It is a thorny undertaking–more than it looks–to follow so roaming a course as that of [the Internet’s], to penetrate its dark depths and its inner recesses, to pick out and pin down the innumerable characteristics of its motions. – Montaigne, On practice
Ah, the Internet. I am not a great fan of using it for research. It’s haphazard and time-consuming; you may wind up with what you’re looking for, you may not, you may skid off on a tangent and forget your task. (Ah-ha! I got you there, didn’t I? How did I get so smart about human behavior? By behaving humanly myself.)
As a research tool, the Internet is essentially the Mother of All MOPS (you remember: MOP = mess of papers). When you search the Internet you’ve wandered into a gargantuan room in which MOPS are piled everywhere, reaching to the ceiling, spilling over onto the floor. Yes, some of the MOPS have hand-written signs describing what’s in that MOP – if you can find and read the sign (it may have fallen off the pile) – but there is no map to the room and no system of exploration. No human being, a/k/a librarian, to give you direction.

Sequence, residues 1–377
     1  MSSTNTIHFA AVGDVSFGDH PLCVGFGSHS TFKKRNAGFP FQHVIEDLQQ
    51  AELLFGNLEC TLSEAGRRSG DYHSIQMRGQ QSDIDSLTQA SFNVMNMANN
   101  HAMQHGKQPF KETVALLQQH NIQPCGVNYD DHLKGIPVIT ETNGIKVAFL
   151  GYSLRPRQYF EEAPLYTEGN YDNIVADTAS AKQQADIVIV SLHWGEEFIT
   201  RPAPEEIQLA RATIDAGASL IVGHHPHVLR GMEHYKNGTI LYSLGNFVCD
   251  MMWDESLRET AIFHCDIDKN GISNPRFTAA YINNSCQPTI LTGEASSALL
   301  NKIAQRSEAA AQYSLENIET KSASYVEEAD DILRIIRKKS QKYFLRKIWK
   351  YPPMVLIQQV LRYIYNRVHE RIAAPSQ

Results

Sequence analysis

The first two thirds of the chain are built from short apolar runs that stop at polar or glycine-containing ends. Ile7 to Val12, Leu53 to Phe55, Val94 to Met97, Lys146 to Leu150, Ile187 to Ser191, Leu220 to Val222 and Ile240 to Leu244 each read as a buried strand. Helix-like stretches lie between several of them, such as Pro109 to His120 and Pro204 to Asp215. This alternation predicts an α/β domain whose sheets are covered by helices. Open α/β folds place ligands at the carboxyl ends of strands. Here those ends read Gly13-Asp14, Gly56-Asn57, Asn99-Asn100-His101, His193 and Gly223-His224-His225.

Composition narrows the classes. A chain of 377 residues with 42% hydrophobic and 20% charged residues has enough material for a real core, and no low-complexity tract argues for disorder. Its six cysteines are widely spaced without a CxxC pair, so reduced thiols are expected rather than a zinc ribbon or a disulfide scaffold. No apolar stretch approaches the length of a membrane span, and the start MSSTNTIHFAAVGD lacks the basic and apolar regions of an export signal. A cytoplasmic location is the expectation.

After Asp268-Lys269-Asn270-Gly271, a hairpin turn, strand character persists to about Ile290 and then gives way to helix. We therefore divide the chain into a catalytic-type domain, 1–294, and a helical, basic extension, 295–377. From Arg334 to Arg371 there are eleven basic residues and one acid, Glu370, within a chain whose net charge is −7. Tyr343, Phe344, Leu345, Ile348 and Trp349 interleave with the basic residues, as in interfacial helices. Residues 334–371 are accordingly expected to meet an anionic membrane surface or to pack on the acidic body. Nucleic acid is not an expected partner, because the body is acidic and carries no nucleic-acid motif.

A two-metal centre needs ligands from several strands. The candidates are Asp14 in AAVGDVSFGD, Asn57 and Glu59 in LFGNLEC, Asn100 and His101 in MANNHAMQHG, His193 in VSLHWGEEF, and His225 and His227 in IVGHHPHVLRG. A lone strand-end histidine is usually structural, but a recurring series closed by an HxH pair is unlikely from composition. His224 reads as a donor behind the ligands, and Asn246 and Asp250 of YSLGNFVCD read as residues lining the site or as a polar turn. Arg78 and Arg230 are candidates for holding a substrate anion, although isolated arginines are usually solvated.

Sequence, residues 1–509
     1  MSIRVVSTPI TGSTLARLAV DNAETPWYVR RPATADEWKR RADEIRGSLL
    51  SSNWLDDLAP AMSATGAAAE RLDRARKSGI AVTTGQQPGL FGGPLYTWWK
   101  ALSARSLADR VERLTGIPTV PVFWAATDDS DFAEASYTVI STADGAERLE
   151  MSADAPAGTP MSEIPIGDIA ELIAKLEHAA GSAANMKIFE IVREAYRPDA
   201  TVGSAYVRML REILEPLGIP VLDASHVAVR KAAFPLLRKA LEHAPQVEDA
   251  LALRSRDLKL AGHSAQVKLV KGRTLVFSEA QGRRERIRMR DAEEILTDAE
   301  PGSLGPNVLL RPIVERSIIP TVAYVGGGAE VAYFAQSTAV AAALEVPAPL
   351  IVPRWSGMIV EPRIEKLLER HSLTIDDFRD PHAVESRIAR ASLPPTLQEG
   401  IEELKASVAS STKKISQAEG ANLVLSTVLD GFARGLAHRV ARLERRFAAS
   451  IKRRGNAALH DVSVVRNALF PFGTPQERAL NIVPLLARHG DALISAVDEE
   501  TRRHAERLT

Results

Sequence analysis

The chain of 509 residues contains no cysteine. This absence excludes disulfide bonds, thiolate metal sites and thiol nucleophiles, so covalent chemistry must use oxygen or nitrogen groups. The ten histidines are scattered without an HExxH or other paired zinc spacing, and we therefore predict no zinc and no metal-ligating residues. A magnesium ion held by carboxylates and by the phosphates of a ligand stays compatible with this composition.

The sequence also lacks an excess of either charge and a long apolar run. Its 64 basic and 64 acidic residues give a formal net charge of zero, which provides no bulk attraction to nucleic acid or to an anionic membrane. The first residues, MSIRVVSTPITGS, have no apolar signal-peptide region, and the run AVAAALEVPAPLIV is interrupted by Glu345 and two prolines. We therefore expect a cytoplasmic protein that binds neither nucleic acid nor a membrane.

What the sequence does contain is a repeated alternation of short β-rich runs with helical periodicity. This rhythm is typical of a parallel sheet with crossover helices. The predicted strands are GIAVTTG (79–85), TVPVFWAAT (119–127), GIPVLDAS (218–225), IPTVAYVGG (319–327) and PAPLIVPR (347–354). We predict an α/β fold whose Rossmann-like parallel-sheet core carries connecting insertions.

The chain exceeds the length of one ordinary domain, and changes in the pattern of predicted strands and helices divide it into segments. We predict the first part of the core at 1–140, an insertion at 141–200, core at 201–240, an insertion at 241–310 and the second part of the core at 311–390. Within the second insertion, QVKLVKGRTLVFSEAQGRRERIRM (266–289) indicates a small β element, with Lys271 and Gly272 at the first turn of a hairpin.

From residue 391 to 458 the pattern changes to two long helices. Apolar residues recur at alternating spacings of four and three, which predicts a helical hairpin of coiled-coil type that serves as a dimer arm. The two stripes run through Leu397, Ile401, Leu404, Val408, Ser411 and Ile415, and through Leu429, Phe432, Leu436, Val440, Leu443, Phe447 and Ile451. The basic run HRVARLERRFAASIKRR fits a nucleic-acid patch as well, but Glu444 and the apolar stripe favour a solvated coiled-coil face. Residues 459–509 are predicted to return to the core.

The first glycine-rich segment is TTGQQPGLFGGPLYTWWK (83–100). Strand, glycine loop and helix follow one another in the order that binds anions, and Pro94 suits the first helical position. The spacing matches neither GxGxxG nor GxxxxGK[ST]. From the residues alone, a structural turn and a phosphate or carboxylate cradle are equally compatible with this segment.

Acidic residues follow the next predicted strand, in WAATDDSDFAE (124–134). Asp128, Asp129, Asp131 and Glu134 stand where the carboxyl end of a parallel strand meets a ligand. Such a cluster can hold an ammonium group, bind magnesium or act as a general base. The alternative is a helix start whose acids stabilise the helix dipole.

And when you do find what seems like a useful MOP, you won’t know whether it’s authoritative, a lawyer’s disguised advertisement or just some semi-psychotic jerk’s rant.
Sitting at a computer is not good physical exercise, either. But if you must surf the web, you must. Do situps in between waves, or something. I’m worried Sidebar could cause your limbs to wither away. I’ll be sitting here imagining you all getting weaker and weaker …
So I’ve done some thinking and digging around. Coming up: what I suggest on incorporating the web into your research.
P.S. Montaigne didn’t actually mention the Internet. He was referring to the human mind.